|4||ph_qual 2MASS E, goodness-of-fit quality of profile-fit poor|
|5||ph_qual 2MASS A, valid measurement, [jhk]snr>10 AND [jhk]cmsig<0.10857|
|6||ph_qual 2MASS B, valid measurement, [jhk]snr> 7 AND [jhk]cmsig<0.15510|
|7||ph_qual 2MASS C, valid measurement, [jhk]snr> 5 AND [jhk]cmsig<0.21714|
|8||ph_qual 2MASS D, valid measurement, no [jhk]snr OR [jhk]cmsig req.|
For example icqflg = 05 is decoded to be cc_flg=0, and ph_qual=5, meaning no artifacts or contamination from cc_flg and 2MASS qual flag = "A" .
The photometric errors from 2MASS were rounded by 1 digit here. These data were taken from the j_msigcom, h_msigcom, and k_msigcom columns of the 2MASS point source catalog.
These data are from the AAVSO Photometric all-sky survey (APASS) DR6 plus single observation stars kindly provided by A.Henden. For bright stars the magB and magV columns contain the Hipparcos/Tycho Bt and Vt mags respectively, whenever there is no APASS B or V available and valid Bt or Vt mags were found. For the bright supplement stars the same was done. All thses cases are identified by the respective errors being NULL. For over 10,000 stars no Vt mag was available and the V mag from Tycho was used instead.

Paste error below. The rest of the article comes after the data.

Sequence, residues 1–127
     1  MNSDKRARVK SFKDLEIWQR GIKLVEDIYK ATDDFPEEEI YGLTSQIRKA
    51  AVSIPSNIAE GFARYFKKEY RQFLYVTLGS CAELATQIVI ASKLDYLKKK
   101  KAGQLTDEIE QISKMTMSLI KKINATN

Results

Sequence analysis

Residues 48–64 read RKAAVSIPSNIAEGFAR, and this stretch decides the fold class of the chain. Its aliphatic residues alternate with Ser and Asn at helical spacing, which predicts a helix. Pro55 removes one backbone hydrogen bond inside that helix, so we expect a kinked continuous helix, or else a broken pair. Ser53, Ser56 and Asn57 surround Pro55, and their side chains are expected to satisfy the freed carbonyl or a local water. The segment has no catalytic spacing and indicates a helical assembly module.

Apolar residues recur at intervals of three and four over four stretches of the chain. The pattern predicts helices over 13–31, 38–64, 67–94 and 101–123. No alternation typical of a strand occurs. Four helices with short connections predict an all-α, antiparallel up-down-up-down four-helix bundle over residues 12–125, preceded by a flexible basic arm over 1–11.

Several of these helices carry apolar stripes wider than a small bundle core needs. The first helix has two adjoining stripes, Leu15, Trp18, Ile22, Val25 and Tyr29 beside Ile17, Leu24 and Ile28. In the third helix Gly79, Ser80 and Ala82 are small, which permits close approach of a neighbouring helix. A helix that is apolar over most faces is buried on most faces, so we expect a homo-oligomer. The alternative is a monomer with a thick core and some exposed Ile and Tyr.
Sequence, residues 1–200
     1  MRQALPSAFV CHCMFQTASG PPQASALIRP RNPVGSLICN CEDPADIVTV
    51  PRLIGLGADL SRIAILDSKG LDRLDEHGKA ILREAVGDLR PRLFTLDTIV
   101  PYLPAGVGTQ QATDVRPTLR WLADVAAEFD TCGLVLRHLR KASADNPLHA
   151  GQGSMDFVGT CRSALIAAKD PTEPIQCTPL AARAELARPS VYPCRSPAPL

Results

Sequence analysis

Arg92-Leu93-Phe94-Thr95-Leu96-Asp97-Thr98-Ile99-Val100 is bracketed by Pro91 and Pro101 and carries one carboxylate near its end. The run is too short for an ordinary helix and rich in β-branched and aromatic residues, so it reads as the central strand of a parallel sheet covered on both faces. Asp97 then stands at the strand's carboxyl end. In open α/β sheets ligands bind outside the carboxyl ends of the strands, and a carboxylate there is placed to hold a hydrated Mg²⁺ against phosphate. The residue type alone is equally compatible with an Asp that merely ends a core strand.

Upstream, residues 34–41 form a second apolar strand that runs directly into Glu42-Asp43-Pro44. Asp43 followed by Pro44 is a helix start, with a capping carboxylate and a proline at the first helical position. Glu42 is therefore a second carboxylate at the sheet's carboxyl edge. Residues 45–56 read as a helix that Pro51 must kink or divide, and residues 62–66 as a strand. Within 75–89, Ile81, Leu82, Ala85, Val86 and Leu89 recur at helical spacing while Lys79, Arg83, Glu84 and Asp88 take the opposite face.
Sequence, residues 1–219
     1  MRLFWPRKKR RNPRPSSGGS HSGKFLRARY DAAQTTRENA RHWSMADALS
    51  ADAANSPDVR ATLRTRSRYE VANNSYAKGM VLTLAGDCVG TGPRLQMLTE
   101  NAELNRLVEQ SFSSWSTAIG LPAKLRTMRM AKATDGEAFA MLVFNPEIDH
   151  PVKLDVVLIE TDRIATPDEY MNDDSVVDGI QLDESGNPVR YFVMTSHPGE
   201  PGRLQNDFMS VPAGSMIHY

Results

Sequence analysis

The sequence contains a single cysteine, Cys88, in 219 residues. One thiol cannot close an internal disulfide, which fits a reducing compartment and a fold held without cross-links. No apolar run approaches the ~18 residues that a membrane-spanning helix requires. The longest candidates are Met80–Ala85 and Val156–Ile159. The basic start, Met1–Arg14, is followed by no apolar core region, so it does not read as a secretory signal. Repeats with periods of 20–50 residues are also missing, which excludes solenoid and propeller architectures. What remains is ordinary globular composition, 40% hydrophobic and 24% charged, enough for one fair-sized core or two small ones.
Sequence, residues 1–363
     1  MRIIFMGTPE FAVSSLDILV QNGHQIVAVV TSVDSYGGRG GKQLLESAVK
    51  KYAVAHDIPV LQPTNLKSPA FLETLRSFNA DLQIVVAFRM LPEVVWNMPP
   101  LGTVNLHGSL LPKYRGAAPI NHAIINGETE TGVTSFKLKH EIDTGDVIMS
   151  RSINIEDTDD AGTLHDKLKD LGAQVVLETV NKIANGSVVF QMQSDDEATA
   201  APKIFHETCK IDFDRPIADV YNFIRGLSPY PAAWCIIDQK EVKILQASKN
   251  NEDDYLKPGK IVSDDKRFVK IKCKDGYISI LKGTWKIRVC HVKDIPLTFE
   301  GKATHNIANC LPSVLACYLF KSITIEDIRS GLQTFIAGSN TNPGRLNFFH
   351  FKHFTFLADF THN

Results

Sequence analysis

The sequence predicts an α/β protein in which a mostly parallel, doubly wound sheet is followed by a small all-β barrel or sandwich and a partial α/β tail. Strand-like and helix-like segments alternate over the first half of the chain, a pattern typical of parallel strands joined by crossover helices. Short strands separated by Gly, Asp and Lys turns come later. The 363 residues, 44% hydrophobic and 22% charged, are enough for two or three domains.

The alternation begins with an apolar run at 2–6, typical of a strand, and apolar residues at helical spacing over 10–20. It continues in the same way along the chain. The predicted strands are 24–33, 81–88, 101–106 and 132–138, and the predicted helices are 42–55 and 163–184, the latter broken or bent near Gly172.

The following number of stars have entries in the APASS photometry:
|51862350||some valid data in either of the columns|
The original data release distinguishes between error estimates from the APASS data release (for objects with at least two observations) and formal, S/N estimated errors. This distinction is not carried over here.
The g-flag from the Yale San Juan first epoch Southern Proper Motion data (YSJ1, SPM) has the following meaning:
|1||matched with 2MASS extended source list|
The c-flag from the Yale San Juan first epoch Southern Proper Motion data (YSJ1, SPM) indicates which input catalog has been used to identify stars for pipeline processing:
|5||2MASS xsc (extended sources, largely (but not all!) galaxies)|